June 2, 2013, 3:22 p.m.
A team of neurobiologists has engineered a species of mosquito to lack a gene responsible for sniffing out humans. It doesn't seem to stop them heading straight for their fleshy luncheon (unfortunately), but the team believes it is the key to creating full-proof insect repellants.
Leslie Vosshall, neurobiologist at The Rockefeller University, discovered the genes that help insects sense and perceive scent and carbon dioxide -- two markers that draw them toward prey, usually indiscriminately. However, some species actually favour humans, and unfortunately two of those, Aedes aegypti and Anopheles gambiae, carry deadly diseases -- dengue and yellow fever for the former, and malaria for the latter. Although carbon dioxide and things like body temperature are thought to contribute to that attraction, it's clear that scent has a lot to do with it.
"Specific host odours probably drive this strong preference because other attractive cues, including body heat and exhaled carbon dioxide (CO2), are common to all warm-blooded hosts," points out Vosshall and her team in a paper on their experiment, published in Nature.
Focusing on the olfactory cues, the team engineered A. aegyptimosquitoes to lack the gene known as orco. According to Vosshall's lab page, the gene is "unique in being expressed in nearly all olfactory neurons"; the ubiquitous gene expresses a protein that plays a part in generating odorant receptors in most insects. To rid the mosquito of the gene, the team inserted zinc-finger nucleases (engineered restriction enzymes) into mosquito embryos and bred those mutant offspring (that showed less activity in odour-related neurons) lacking the gene.
When left in a room with a human and a guinea pig, the mutated mosquitoes appeared to no longer have a preference for either in particular. That's in spite of the other contributory factors presumed to contribute to the human attraction, such as carbon dioxide -- the test subjects were obviously still allowed to breath -- and body temperature, still being present.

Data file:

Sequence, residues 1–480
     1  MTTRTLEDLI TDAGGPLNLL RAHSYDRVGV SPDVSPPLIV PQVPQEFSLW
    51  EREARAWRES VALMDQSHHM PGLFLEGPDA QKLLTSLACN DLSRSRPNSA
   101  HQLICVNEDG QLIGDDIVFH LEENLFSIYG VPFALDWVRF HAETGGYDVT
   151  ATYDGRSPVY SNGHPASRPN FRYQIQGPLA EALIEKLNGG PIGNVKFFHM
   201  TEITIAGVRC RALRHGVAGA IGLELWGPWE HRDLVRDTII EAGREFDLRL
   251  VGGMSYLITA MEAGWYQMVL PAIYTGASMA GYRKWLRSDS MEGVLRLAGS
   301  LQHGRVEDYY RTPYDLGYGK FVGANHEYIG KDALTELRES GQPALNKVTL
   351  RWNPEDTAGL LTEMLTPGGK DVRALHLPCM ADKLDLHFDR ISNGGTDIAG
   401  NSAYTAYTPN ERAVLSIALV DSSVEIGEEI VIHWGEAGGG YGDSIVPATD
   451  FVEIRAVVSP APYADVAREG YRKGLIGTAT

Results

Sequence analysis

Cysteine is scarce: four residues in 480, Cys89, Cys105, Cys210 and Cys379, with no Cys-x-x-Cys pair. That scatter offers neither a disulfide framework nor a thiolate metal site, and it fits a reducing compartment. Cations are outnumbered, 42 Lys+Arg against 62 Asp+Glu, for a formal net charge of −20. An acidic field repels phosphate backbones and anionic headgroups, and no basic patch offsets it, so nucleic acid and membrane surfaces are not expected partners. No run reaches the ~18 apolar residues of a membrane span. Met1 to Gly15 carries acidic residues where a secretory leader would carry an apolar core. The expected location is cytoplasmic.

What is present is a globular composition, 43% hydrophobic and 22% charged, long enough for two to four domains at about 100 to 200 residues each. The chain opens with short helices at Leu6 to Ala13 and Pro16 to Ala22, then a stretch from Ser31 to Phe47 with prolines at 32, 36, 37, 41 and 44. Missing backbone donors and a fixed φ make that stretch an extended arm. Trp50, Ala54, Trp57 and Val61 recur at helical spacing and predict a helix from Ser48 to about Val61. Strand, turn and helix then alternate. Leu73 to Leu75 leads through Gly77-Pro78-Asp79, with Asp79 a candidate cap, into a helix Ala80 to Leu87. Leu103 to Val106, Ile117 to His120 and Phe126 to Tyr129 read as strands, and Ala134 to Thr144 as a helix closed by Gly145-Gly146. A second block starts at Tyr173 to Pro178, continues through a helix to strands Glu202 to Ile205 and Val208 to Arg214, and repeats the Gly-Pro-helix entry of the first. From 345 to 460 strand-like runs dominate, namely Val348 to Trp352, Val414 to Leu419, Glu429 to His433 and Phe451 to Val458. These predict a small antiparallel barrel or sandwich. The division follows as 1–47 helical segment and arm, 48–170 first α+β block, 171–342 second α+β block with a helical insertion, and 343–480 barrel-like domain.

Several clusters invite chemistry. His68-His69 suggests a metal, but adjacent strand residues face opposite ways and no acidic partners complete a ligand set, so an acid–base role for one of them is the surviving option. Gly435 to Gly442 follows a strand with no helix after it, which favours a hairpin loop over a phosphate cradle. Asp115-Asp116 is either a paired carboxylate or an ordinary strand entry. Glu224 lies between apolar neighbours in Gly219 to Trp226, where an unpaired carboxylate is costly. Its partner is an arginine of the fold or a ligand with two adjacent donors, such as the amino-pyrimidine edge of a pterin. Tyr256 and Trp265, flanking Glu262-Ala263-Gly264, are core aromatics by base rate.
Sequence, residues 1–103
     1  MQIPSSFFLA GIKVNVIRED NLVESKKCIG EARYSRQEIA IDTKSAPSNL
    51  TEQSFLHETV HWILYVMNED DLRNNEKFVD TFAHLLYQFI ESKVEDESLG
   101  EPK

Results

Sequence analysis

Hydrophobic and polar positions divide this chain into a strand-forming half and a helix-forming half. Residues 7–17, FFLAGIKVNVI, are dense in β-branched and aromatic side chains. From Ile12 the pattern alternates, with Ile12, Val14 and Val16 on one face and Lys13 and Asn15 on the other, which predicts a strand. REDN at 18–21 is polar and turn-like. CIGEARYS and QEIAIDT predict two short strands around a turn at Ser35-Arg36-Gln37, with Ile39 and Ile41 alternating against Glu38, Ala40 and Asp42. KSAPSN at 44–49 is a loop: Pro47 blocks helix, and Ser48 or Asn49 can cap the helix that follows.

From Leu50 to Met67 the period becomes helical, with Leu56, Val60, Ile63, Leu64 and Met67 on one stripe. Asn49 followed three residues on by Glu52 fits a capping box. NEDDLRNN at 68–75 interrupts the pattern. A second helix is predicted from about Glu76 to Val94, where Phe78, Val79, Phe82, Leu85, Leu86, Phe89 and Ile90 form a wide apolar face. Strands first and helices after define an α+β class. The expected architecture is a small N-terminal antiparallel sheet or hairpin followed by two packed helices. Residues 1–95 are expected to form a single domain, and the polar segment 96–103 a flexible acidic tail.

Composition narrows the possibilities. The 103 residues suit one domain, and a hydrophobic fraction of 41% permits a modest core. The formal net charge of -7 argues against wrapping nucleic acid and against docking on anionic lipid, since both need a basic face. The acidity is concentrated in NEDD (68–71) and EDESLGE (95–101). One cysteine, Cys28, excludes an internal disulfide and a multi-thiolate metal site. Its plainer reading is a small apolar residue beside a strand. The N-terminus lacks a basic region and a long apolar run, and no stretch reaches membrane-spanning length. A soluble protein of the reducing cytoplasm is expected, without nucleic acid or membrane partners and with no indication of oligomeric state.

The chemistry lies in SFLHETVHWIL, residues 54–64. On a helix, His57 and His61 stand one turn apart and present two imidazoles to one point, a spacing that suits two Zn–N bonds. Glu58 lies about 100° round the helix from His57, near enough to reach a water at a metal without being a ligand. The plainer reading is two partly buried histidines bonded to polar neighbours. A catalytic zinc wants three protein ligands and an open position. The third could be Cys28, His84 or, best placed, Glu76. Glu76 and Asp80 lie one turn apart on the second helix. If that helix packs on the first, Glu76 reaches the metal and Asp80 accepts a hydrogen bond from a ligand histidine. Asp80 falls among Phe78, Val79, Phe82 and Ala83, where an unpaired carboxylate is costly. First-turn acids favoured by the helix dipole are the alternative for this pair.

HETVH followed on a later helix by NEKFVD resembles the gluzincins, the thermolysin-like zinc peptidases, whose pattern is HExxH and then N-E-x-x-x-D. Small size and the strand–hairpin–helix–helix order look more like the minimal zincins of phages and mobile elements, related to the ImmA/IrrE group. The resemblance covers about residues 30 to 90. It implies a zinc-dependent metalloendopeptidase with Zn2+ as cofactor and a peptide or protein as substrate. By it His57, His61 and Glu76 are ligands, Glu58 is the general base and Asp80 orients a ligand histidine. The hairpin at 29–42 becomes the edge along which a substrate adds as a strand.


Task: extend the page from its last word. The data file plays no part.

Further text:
"By disrupting a single gene, we can fundamentally confuse the mosquito from its task of seeking humans," said Vosshall in a statement. Since the mosquito did still go to both test subjects, it's unclear exactly what the orco gene is telling it -- i.e. does it help them perceive the scent of animals as a deterrent and that of humans as pleasant?
Experimentation with other scents showed that its ability to smell was well and truly befuddled -- for instance, it could not identify honey (which it loves) from glycerol.
However, when volunteers were slathered in N,N-diethyl-meta-toluamide (Deet), a popular repellant used for decades, the mosquitoes did not appear to be bothered. They flew to an arm covered in the substance as readily as to one lacking it. After landing they would however soon fly off, suggesting Deet's benefits do not solely lie in its scent -- "olfactory- and contact-mediated effects of Deet are mechanistically distinct," write the authors.
A February study published by the London School of Hygiene and Tropical Medicine did however indicate that some strains of A. aegyptimight be developing a resistance to the repellant. Mosquitoes that were exposed to a person who had administered Deet were initially put off, but after a few hours they would approach more readily. After attaching electrodes to their antennae, they found that the mosquito's tiny receptors were no longer picking up the chemical as accurately. Vosshall did show that the insects, though able to initially land on the volunteer's arm, were ultimately repelled by Deet though.
The team is hoping to use what it has perceived as a helpful scrambling of the mutated mosquito's senses to its advantage, generating a repellant that throws the mosquito off-course rather than breeding out mosquitoes carrying the orca gene. Given the ubiquity of the gene among the insect kingdom, it's likely to be of significant help in generating life-saving repellants. What will be key is uncovering what instructions the orco genes are actually delivering, and whether what they are dictating to the odorant receptors is good or bad?
Elsewhere in the world this month, an Egyptian textile chemistry PhD claims to have engineered a fabric that not only repels mosquitoes, but kills them if they dare to remain onboard. He wouldn't reveal the secret behind the patented formula, but his tactics are in stark contrast to those of Laurence Zwiebel's, a molecular entomologist from Vanderbilt University who left Nature with these noble words to ponder: "We're not looking to kill these insects, per se, we just want them to feed on something else." Guinea pigs beware.